Johnny misbehaved and was sent to his room. After a while he emerged and informed his mother that he had thought it over and then had prayed. "Fine," said the pleased mother. "When you ask God to help you not misbehave, God will help you." "Oh, I didn't ask God to help me not misbehave; I asked God to help you put up with me." Johnny has a big God! Perhaps it was Johnny's mother who, when her son told the rabbi his mother says prayers for him each night, and the rabbi asked what does she say, the little boy replied, "Thank God he's in bed!"

How big is your God? Is your God big enough to embrace mystery, like the mystery of the resurrection? Is your God big enough to embrace what you can neither understand or comprehend? An underlying issue here is the issue of control. Many of us want to be in control. We want life to be tidy, reasonable, fair, and manageable; but I submit to you, a God you can control is too small. Such a God is only an idol, and not God! In her book, Amazing Grace, Kathleen Norris quotes Karl Rahner,

"If God's incomprehensibility does not grip us in a word... if it does not call us out of the little house of our homely, close-hugged truths...we have misunderstood the words of Christianity."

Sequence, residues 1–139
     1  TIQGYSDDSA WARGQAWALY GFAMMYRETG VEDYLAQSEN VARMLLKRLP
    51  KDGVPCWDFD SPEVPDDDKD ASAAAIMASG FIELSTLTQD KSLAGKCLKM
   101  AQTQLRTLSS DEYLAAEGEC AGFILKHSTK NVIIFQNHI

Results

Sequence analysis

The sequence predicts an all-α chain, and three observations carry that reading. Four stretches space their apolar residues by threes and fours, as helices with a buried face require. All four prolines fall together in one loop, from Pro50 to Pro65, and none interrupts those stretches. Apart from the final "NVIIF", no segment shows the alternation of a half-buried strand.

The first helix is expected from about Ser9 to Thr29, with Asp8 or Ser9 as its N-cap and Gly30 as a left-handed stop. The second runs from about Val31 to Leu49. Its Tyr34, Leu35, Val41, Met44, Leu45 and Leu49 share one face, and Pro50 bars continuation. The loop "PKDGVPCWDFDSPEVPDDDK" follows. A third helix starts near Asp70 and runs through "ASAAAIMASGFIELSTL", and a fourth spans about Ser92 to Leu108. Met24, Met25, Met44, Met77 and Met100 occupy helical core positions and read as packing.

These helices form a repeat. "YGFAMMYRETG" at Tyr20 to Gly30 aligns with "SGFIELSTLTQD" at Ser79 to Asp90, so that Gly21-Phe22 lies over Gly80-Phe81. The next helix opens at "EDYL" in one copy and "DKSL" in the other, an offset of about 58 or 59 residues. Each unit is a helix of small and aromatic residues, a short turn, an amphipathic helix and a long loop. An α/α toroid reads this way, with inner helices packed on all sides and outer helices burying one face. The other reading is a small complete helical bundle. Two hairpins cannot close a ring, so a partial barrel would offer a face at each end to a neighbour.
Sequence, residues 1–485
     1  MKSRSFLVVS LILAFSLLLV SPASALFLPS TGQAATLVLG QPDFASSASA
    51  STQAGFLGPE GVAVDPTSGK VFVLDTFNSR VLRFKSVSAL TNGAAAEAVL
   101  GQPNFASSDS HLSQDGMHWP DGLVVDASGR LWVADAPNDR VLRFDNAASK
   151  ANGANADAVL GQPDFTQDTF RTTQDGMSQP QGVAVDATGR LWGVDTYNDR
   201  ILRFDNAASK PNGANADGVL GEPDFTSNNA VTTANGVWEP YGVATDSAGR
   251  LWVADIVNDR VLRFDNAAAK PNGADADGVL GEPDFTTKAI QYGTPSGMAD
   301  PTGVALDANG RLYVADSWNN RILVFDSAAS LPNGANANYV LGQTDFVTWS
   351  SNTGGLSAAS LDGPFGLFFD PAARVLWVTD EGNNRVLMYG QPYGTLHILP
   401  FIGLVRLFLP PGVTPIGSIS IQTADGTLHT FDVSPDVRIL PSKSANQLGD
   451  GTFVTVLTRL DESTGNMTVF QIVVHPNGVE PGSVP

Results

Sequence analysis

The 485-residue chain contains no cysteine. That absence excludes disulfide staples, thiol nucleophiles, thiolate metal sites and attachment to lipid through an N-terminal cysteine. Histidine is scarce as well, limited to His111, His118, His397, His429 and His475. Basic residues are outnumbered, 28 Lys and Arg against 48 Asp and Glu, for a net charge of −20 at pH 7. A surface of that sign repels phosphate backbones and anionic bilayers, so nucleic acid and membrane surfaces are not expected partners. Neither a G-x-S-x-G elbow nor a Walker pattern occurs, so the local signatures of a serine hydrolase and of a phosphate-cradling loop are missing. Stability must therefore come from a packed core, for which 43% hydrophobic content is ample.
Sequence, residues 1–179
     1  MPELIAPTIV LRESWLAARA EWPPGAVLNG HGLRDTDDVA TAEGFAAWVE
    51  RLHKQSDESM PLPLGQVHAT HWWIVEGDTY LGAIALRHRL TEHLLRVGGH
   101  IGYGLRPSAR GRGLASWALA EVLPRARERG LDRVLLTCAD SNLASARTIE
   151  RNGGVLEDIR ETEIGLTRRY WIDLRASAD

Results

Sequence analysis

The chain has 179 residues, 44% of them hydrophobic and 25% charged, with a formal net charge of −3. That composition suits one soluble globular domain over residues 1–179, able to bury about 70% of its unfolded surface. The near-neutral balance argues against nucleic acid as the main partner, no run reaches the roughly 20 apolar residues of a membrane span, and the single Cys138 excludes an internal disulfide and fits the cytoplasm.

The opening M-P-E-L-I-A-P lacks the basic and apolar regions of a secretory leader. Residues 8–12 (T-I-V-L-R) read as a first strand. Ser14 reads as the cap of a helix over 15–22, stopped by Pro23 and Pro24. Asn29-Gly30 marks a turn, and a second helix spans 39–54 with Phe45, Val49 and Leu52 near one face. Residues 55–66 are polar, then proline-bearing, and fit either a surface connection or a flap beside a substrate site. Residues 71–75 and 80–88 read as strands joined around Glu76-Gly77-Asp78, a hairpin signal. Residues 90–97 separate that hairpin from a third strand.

Is your God big enough to be inscrutable and incomprehensible, a God who pulls and pushes you out of your neatly packaged beliefs and stereotypes?

Is your God big enough to embrace all people, or are some excluded? Isn't it tragic how some Gods are narrow, nationalistic, and racist? January 11, 1999 San Francisco Chronicle:

"Blacks and whites live alongside each other in Maryland's smallest county--but in many ways, they live apart. On Mackall Road, for example, two United Methodist churches sit a few hundred yards apart. One is white, one is black. Same denomination, different colors. The groundskeepers know exactly where the churches divide because the mowing patterns are clearly different."

How big is your God? Is your God big enough to embrace people of all colors, sexual orientations, nationalities, or does your God maintain fences? Are there some kinds of people who if they moved next door to you, would cause you to move quickly someplace else?